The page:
Louis Gottschalk & Cuba by Antonio Iturrioz
“Give me your hand, my child; I predict that you will become the king of pianists.”
So said Frédéric Chopin to American pianist and composer Louis Moreau Gottschalk, after hearing him perform at the Salle Pleyel in Paris. Alkan and Liszt also recognised Gottschalk’s impressive talents, and, perhaps in homage to his European virtuoso counterparts, there are distinctly Lisztian idioms in the Symphonie Romantique “La nuit des tropiques”, which opens Cuban-American pianist Antonio Iturrioz’s recording ‘Gottschalk and Cuba’.
Gottschalk: Symphonie romantique, “La nuit des tropiques” (A Night in the Tropics) (arr. for piano)
Louis Gottschalk was born in 1829 in New Orleans to Jewish-Creole parents. He displayed prodigious musical talent from a young age, and was exposed to a variety of musical styles through his extended family and nursemaids. When he was 13, he travelled to Europe with his father to seek a classical musical training, but was rejected by the Paris Conservatoire on account of his nationality. He eventually gained access to the Parisian musical community through family friends, and here he met the likes of Chopin, Liszt and Alkan. He returned to the United States in 1853 and spent some time in Cuba where he soaked up the culture and music.
Gottschalk was America’s first important pianist-composer and by the 1860s he had established himself as the best known pianist in the New World. He was also an extraordinary traveler, giving virtuoso performances in Europe, Central and South America and the Caribbean. He fell in love with Cuba and its music, and lived there for extended periods. As a composer, his music combined his Creole heritage with the American, Latin American and Afro-Caribbean influences he absorbed during his travels – all expressed within the boundaries of classical piano writing prevalent in the 19th century.
The American-Cuban pianist Antonio Iturrioz is a long-time advocate for Gottschalk’s piano music, and his recording Gottschalk and Cuba celebrates the composer’s output and influence on other Cuban composers who followed him.
The Symphonie Romantique, “La nuit des tropiques” (A night in the tropics) provides the starting point for a chronological tour through Cuban classical music, much of it never before recorded. The Symphonie Romantique is especially significant as this is a world premiere recording of the first American symphony, transcribed in its entirety by Iturrioz for one piano, as Gottschalk originally intended it and based on the pianist’s own extensive research. In its solo piano form, the work has a Lisztian grandeur with many complex virtuosic passages and rich textures.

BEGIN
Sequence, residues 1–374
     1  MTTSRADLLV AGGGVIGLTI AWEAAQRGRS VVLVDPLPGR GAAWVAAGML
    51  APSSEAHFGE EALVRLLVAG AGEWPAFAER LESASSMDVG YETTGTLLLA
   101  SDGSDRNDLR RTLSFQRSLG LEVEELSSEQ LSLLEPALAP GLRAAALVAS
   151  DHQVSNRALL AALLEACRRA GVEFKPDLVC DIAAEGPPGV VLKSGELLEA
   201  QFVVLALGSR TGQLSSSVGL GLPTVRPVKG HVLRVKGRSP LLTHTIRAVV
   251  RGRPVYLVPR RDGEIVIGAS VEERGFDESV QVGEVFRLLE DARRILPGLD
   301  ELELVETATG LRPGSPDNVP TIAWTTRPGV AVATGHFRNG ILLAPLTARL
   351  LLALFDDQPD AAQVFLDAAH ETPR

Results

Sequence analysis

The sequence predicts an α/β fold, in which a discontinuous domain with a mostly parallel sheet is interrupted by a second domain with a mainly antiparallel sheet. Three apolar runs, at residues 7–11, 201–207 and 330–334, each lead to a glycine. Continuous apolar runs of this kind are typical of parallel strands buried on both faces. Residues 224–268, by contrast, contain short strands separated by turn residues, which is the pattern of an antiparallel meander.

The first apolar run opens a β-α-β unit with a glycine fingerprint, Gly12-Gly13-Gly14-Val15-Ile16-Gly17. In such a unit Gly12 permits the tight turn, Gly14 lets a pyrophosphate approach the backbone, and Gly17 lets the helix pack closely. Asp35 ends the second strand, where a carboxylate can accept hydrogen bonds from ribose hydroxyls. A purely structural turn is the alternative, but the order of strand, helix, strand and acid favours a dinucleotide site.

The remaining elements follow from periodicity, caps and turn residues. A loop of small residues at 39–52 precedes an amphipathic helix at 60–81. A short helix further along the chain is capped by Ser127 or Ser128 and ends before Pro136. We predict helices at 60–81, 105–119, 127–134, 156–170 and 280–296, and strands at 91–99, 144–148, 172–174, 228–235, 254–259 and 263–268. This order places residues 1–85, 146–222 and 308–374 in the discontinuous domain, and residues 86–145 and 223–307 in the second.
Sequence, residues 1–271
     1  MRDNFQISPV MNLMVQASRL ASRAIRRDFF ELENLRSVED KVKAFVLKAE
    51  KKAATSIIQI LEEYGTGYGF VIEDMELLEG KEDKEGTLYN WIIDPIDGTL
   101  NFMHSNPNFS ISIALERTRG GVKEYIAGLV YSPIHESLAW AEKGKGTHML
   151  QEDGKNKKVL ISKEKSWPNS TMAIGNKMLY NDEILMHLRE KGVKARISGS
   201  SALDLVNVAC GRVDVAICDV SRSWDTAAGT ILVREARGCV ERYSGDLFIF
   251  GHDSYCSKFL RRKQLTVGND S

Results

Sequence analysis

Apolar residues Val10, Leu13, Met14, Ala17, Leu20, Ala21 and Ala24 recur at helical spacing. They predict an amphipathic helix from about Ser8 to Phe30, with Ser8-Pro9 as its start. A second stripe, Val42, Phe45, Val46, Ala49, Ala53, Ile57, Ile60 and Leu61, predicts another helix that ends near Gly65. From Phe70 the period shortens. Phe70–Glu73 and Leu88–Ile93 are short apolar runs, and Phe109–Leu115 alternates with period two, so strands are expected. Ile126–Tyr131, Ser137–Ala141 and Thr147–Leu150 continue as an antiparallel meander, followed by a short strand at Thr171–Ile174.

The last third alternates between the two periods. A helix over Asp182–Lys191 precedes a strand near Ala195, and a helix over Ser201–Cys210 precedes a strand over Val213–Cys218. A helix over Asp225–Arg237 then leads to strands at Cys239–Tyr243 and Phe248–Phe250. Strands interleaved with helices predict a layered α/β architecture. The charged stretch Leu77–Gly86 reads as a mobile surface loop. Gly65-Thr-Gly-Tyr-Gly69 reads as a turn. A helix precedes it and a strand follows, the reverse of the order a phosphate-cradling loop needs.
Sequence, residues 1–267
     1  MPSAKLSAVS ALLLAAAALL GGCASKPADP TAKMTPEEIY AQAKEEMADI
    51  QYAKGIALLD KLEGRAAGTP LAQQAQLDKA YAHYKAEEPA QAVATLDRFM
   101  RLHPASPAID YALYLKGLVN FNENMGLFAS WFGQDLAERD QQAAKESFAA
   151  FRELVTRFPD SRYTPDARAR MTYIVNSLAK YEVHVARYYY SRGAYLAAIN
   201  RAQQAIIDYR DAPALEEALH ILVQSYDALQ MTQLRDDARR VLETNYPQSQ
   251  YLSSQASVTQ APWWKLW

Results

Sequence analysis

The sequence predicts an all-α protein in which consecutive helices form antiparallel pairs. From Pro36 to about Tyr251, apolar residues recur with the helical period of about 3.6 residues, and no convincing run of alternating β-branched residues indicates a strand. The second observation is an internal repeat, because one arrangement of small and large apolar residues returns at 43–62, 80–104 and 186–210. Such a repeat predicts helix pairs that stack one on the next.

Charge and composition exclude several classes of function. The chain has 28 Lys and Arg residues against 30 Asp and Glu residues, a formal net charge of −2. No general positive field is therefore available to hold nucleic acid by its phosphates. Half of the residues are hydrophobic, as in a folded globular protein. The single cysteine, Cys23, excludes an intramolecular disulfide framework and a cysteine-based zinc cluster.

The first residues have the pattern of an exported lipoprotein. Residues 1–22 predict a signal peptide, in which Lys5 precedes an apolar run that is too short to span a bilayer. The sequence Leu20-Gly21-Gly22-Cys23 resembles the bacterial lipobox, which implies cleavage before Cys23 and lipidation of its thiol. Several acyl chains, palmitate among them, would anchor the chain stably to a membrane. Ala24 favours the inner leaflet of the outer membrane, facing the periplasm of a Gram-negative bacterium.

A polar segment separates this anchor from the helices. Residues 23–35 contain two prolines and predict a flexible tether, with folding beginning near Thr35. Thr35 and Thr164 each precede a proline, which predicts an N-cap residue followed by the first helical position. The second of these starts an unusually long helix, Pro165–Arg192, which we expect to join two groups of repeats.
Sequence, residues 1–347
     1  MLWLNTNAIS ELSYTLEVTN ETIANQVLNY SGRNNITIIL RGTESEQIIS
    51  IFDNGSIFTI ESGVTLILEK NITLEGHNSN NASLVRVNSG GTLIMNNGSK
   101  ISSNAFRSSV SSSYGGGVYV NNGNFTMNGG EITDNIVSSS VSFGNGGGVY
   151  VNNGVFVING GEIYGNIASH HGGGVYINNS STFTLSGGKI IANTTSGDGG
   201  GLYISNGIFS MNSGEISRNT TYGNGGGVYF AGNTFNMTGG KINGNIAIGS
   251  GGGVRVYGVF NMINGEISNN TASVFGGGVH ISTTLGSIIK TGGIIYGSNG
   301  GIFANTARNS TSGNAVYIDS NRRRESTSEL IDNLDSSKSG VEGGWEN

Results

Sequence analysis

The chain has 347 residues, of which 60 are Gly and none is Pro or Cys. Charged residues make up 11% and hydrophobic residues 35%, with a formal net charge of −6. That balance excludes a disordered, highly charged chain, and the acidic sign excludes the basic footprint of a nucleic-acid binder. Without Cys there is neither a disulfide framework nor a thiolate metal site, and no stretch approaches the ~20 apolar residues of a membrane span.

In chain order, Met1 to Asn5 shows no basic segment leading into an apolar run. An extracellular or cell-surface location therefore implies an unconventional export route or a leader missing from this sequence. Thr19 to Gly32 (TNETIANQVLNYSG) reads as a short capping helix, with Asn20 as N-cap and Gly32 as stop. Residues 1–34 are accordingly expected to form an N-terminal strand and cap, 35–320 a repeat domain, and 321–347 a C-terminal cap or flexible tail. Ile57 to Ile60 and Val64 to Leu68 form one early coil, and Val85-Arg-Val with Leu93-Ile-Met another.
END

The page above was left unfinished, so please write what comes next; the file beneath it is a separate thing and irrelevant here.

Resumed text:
Espadero: Sur la Tombe de Gottschalk
Piano music by Manuel Saumell Robredo, Nicholas Ruiz Espadero, Ignacio Cervantes, Hubert de Blanck, and Ernesto Lecuona features on this album too, revealing Gottschalk’s influence and the high regard with which he was held by those who followed him. Many of the works show the influence of nineteenth-century European virtuoso pianist-composers shot through with distinctly Afro-Cuban, Cuban and Creole rhythms and folk idioms. There are hints of Ragtime and Jazz too – a reminder of Gottschalk’s wide-ranging musical influences and his own impact on American music of the 20th century. The album closes with Gottschalk’s El Cocoye, Op 80.
Antonio Iturrioz’s own Cuban heritage allows him to really get to the heart of this music, and his understanding and insight is clear from the outset. The sensuous, foot-tapping rhythms feel natural and uncontrived, heady harmonic shadings are neatly caught, while the virtuosic passages are executed with aplomb. The overall sound is warm, romantic, lush and exotic.
This recording is a generous introduction to the classical piano music of Cuba and an important contribution to the appreciation and understanding of Gottschalk’s work and influence.